adjective is a word that describes a person(s), place(s), or thing(s).
Within a sentence, an adjective usually describes a noun.
In Bibical Hebrew, adjectives match the noun they describe in gender (masculine or feminine) and number (singular or plural). However, there are some exceptions to this rule. If a noun is dual, its accompanying adjective will be plural. Also, the gender of some nouns does not match their apparent form (as in נָשִׁים “women”, which is grammatically-feminine although it appears grammatically-masculine); in these cases, an accompanying adjective will match the gender of the noun itself rather than the apparent form. Similarly, for nouns with either collective singular (as in עַם, meaning “people”) or majestic plural (as in אֱלֹהִים, meaning “God”), the accompanying adjective may match the implied number rather than the apparent form.
The forms of the adjective closely resemble the forms of the common noun.
|masculine singular absolute||טוֹב||tov||good|
|masculine singular construct||טוֹב||tov||good|
|masculine singular determined||הַטּוֹב||hattov||the good|
|feminine singular absolute||טוֹבָה||tovah||good|
|feminine singular construct||טוֹבַת||tovath||good|
|feminine singular determined||הַטּוֹבָה||hattovah||the good|
|masculine plural absolute||טוֹבִים||tovim||good|
|masculine plural construct||טוֹבֵי||tove||good|
|masculine plural determined||הַטּוֹבִים||hattovim||the good|
|feminine plural absolute||טוֹבוֹת||tovoth||good|
|feminine plural construct||טוֹבוֹת||tovoth||good|
|feminine plural determined||הַטּוֹבוֹת||hattovoth||the good|
Describes a noun¶
In Biblical Hebrew and Biblical Aramaic, an
attributive adjective almost always immediately follows the noun that it describes and has the same form in gender, number, and definiteness.
Thus, if the noun is masculine, the adjective is also masculine. If the noun is singular, the adjective is also singular.
If the noun is definite, the adjective is also definite; and so on.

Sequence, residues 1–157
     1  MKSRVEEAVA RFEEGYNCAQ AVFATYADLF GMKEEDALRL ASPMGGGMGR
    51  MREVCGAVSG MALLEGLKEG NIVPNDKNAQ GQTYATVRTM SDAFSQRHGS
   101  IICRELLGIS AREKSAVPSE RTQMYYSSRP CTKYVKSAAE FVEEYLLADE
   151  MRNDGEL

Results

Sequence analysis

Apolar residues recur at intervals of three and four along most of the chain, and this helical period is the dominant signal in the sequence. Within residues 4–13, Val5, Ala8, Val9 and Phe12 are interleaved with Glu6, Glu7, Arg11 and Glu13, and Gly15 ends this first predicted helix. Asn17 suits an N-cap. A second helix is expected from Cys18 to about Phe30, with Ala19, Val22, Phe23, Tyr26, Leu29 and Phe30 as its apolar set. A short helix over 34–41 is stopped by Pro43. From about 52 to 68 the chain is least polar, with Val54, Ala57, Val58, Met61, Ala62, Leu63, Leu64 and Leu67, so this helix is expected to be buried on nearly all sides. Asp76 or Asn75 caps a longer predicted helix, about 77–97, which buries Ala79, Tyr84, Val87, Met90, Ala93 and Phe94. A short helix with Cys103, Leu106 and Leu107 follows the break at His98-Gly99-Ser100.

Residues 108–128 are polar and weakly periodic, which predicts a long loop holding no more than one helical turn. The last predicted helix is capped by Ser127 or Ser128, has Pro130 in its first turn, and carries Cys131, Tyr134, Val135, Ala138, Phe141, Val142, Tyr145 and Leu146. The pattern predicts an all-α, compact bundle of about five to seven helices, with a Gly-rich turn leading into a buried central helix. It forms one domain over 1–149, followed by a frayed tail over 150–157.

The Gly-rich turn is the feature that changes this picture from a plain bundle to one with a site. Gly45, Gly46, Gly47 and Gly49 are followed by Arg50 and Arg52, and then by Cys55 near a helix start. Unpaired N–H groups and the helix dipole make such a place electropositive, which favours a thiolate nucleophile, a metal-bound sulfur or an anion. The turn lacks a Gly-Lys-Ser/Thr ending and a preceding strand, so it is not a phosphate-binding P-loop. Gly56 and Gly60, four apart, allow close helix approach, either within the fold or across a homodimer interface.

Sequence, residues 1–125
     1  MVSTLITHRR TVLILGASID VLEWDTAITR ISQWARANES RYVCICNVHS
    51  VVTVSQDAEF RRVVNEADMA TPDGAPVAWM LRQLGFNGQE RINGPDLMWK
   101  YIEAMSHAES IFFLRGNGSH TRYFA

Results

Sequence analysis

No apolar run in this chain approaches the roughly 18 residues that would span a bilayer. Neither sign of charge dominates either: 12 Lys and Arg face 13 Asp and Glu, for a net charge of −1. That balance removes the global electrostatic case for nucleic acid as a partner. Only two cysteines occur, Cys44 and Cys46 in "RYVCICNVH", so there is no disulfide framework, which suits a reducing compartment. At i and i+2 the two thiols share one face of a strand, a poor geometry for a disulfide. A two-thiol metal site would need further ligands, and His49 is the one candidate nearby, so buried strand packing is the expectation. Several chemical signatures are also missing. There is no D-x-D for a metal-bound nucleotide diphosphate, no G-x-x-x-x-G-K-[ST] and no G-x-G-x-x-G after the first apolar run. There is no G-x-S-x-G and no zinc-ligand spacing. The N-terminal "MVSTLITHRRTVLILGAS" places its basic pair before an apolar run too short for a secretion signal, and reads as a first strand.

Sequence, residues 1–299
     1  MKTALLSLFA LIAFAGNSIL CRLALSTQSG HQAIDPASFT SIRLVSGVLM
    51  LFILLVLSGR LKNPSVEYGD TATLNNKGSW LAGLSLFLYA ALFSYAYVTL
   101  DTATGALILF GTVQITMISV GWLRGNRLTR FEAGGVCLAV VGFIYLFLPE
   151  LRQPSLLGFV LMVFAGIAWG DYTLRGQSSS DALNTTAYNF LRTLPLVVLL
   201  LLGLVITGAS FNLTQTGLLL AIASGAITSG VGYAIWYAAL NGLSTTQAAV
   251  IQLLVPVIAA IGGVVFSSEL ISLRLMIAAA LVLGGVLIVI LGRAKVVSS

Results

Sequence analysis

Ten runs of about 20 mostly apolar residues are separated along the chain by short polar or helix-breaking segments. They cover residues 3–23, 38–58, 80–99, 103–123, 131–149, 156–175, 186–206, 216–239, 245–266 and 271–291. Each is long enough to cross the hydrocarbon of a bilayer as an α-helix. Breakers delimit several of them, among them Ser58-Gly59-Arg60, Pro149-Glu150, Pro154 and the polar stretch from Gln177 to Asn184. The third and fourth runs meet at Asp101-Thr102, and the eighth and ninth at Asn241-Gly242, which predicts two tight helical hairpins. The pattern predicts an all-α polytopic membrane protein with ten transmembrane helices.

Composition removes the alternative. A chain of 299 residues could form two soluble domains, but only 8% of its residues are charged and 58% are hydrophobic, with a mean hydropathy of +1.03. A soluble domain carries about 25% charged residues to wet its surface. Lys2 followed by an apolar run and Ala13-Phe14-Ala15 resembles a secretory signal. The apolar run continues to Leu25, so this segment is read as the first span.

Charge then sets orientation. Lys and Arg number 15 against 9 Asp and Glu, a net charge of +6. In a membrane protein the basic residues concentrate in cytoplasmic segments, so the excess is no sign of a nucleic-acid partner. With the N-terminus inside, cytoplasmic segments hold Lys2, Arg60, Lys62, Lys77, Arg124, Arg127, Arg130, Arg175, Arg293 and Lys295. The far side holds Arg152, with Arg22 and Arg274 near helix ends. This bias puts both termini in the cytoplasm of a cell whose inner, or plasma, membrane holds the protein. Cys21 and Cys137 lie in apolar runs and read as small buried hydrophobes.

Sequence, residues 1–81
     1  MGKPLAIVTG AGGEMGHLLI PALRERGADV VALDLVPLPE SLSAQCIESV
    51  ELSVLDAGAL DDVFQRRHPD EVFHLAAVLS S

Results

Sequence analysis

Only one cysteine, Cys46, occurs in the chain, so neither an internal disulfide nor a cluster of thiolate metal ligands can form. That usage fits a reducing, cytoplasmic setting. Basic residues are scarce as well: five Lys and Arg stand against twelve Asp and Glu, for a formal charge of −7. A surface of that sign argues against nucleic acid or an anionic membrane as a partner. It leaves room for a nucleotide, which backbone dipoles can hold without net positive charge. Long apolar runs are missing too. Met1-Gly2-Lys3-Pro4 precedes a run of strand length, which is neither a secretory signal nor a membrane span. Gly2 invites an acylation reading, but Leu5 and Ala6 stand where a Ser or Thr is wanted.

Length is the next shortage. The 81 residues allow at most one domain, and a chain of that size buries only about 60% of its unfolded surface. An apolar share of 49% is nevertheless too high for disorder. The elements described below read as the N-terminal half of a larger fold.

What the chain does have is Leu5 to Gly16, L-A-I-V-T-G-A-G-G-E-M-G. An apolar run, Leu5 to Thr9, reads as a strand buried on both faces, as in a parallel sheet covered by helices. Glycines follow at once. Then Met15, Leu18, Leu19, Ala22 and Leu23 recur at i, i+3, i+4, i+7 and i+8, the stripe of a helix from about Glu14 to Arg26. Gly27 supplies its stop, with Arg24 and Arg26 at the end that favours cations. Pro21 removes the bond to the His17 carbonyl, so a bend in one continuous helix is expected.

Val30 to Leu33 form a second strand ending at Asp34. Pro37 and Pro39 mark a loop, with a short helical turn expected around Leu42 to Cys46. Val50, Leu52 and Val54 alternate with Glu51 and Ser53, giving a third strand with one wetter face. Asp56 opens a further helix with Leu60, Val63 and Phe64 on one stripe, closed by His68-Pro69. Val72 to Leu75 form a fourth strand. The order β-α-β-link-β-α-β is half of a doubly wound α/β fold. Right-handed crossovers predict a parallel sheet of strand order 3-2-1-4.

|my older daughter|
|כִּ֣י עִ֤יר גְּדוֹלָה֙ גִּבְע֔וֹן|
|ki ‘ir gedolah giv’on|
|for city great Gibeon|
|because Gibeon was a large city|
Predicative adjectives are adjectives that describe nouns using a linking verb.
Often the linking verb is not present in the Hebrew text and must be supplied when translating into English.
Like attributive adjectives, a predicative adjective usually has the same form as the noun it
describes in both gender and number. Unlike attributive adjectives, however, a predicative
adjective can be indefinite even if it describes a definite noun.
|My master is wise|
|טֹ֥וב דְּבַר־יְהוָ֖ה אֲשֶׁ֣ר דִּבַּ֑רְתָּ|
|towv devar-yehwah ‘asher dibbarta|
|Good word-of_Yahweh that you-spoke.|
|The word of Yahweh that you have spoken is good.|
nominal adjective is an adjective that itself functions as a noun in the sentence rather than describing a noun.
|רַ֝בִּ֗ים קָמִ֥ים עָלָֽי|
|rabbim qamim ‘alay|
|many are-rising-up against-me|
|many people are rising up against me|
|לָכֵ֗ן כֹּ֤ה אָמַר֙ קְד֣וֹשׁ יִשְׂרָאֵ֔ל|
|lakhen koh ‘amar qedosh yisra’el|
|Therefore thus he-says holy-of Israel|
|Therefore the Holy One of Israel says,|
adverbial adjective is an adjective that functions as an adverb,
meaning that it describes a verb instead of a noun.
|כִּ֥י לָהֶ֛ם הָיָ֥ה הַגּוֹרָ֖ל רִיאשֹׁנָֽה|
|ki lahem hayah haggoral rishonah|
|for to-them it-was the-lot first|
|For the first casting of lots had fallen to them.|
Other uses of adjectives¶
adjectives that compare two or more items¶
comparative adjective expresses a comparison between two or more items.
In Biblical Hebrew, comparative adjectives are often used either with the preposition מִן (“from”) or with the phrase מִכֹּל (“from all”).
|מַה־מָּת֣וֹק מִדְּבַ֔שׁ וּמֶ֥ה עַ֖ז מֵאֲרִ֑י|
|mah-mmathoq middevash umeh ‘az me’ari|
|What_sweet than-honey and-what strong from-lion|
|What is sweeter than honey, and what is stronger than a lion|
|וְהַנָּחָשׁ֙ הָיָ֣ה עָר֔וּם מִכֹּל֙ חַיַּ֣ת הַשָּׂדֶ֔ה|
|wehannahash hayah ‘arum mikkol hayyath hassadeh|
|And-the-serpent was shrewd from-all beings-of the-field|
|Now the serpent was more shrewd than any other beast of the field|
adjectives with stronger meaning¶
intensive adjective has a stronger degree of meaning than a typical adjective.
In Biblical Hebrew, the meaning of an adjective can be strengthened by pairing it either with the word מְאֹד (“very”) or with the phrase לֵאלֹהִים (“to God”).
|Behold, it was very good|
|a very large city|
adjectives with strongest meaning¶
superlative adjective has a meaning strengthened to its greatest degree.
Biblical Hebrew can use different ways to make an adjective superlative. Usually, the superlative meaning of an adjective must be determined from the context.
|עֹ֚וד שָׁאַ֣ר הַקָּטָ֔ן|
|‘owd sha’ar haqqatan|
|Still remains the-young|
|There remains yet the youngest|
|the best of them is like a brier|
|the fairest among women|